A range of prudential bank regulation fall into this first category of safe asset-creating tools, including capital requirements that mandate issuers maintain a buffer to protect liabilities on the right side of their balance sheet.  However, rules that construct safe assets extend beyond bank regulations and include bankruptcy laws that give preferences to certain debt contracts.

2. Labeling Assets Safe: another set of legal tools focuses on the demand for safe assets by granting special status to these contracts when held on the books of investors. These tools create liquid markets for certain assets by either: 

  • signaling the low risk of default by issuers of those assets; or 
  • coordinating the collective treatment of those assets as having low risk and high liquidity.

Credit rating agencies’ ratings, often required by law for financial institutions to invest in certain debt contracts, represent the clearest example of a safety ‘label.’  However, other regulations, such as money-market mutual fund regulations that allow funds to price their shares at a fixed net asset value, also ‘label’ those investments as safe.  Regulatory labels can reduce or eliminate the incentives of market participants to research the risk attributes of debt contracts.

3. Guaranteeing Asset Safety: financial intermediaries and governments can also guarantee the performance of safe assets, putting their own credit on the line. Guarantees may be ex ante or ex post, explicit or implicit.  The law authorizes and frames the design of such guarantees.

If all goes well, the three categories of tools feed a virtuous cycle for safe assets: eg, when low-risk assets are labeled safe, it increases demand, broadens the investor base, boosts liquidity, and reduces the cost of funding for their issuers. When the tools are misaligned, they can contribute to instability. Investors might herd into risky assets mislabeled as safe, then flee in panic when the perception of safety vanishes, with spillover effects on the broader economy. The government may have no choice but to step in with guarantees ex post, creating distortions and moral hazard.  In safe asset crises, poor coordination among long-established legal and regulatory tools stood out as a severe problem.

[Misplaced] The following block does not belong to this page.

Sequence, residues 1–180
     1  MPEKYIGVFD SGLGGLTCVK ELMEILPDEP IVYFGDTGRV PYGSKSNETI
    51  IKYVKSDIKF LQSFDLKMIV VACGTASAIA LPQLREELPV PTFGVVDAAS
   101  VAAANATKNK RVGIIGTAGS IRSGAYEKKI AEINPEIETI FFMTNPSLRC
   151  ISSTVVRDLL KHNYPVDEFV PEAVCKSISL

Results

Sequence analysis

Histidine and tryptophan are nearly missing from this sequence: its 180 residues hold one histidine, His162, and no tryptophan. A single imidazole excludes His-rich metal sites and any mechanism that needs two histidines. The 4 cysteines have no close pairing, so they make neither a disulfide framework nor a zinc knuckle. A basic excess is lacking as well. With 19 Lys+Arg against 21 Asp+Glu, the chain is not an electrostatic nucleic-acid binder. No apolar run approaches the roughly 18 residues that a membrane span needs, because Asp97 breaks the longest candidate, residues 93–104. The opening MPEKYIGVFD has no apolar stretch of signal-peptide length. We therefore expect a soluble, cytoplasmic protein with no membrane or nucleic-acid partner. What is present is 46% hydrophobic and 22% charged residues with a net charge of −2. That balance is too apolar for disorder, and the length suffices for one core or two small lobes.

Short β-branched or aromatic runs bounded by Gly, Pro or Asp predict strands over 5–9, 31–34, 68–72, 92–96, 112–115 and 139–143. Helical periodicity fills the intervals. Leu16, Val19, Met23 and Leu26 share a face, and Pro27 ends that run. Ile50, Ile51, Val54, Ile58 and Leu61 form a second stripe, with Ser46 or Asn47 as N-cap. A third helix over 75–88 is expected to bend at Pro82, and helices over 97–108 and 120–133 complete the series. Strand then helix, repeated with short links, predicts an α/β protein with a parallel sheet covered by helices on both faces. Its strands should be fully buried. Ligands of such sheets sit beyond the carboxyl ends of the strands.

The construction and rescue of safe asset markets are not pure technical acts.  They involve deep but often masked political commitments and distributive consequences.  We underscore a kind of first law of thermodynamics for safe assets: neither private nor public ordering can banish risk altogether from safe asset markets or financial markets in general. They merely move risk around or, worse, obscure risk until it rematerializes.  When law moves the risk, it creates winners and losers in financial markets and the real economy. Professor Gelpern and my framework lays bare the tradeoffs in safe asset construction.

We also offer preliminary prescriptions to address some of the failings we identify.  Assets should not be labelled as safe unless governments deploy adequate regulations to make them safe and are prepared to provide guarantees should those regulations fail.  We argue for stress testing of safe asset markets.  We also outline how the three types of safe asset interventions could be dynamically aligned.  This could enlarge the macroprudential regulatory toolkit without creating brand new regulatory tools.  However, it would require additional research to function effectively.

Erik F. Gerding is a Professor, the Associate Dean for Academic Affairs, and a Wolf-Nichol Fellow at the University of Colorado Law School.